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I·CONnect

Blog of the International Journal of Constitutional Law
Home Archive for category "process"
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The Nepali Process — a Victim of Politics

For most of the past three years Nepal has been hailed as a veritable success for its transition from monarchy to democracy, peace process, interim constitution, elections, and formation of a Constituent Assembly (CA). Now with its government collapsed and a total breakdown in the delivery of basic services to the people, Nepal’s constitution-making process

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Published on May 22, 2009
Author:          Filed under: hp, Jason Gluck, process
 
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Self Dealing and Legislatures

It is often tempting, or at least convenient, to charge sitting legislatures with the task of constitution writing. These bodies are usually representative and are built to write laws. Why not trust them with higher law too? One concern is the problem of self dealing. One of, if not THE most, important tasks in constitution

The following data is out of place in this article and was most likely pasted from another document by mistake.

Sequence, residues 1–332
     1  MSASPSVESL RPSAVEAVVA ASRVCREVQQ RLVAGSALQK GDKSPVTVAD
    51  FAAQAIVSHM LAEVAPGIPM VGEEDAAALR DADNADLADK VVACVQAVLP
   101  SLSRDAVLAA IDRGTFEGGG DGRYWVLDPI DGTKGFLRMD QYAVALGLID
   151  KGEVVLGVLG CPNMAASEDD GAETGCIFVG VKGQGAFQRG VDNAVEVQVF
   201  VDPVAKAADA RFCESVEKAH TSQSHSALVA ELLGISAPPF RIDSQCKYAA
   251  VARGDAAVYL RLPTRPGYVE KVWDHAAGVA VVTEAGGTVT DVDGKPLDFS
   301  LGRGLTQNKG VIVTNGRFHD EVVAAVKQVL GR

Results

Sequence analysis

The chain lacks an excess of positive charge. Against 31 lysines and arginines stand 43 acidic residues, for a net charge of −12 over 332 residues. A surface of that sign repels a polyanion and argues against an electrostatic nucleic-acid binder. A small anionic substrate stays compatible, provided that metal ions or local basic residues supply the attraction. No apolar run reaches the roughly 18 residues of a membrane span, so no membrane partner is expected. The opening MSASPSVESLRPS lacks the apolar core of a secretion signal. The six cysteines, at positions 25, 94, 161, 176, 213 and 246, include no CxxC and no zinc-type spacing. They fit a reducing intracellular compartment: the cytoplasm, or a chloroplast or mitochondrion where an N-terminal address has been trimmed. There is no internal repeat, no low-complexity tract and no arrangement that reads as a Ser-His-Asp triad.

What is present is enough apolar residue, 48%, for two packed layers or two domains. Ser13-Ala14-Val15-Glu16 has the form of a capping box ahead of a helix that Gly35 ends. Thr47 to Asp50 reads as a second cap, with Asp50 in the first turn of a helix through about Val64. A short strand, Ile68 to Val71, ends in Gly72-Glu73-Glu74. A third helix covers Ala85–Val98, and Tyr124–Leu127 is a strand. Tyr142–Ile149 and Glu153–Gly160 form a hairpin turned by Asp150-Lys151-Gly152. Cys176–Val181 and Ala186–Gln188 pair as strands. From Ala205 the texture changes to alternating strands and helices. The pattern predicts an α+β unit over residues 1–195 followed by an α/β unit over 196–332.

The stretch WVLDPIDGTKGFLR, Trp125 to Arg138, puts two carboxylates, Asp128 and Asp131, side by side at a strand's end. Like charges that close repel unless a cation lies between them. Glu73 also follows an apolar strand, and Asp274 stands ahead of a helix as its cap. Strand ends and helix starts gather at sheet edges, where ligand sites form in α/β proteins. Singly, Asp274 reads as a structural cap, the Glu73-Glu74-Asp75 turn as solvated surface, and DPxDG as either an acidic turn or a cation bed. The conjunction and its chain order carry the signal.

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Published on February 13, 2009
Author:          Filed under: hp, process, Zachary Elkins
 
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17 years and now…this?

The new Burmese constitutions is extraordinary on many levels. First, is the waiting-for-Godot quality of the process that produced it. It took about seventeen years from initiative to ratification to get the document out the door. That is far and away a record. True, other countries kick around the possibility of a new charter sometimes

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Published on August 3, 2008
Author:          Filed under: hp, process, Zachary Elkins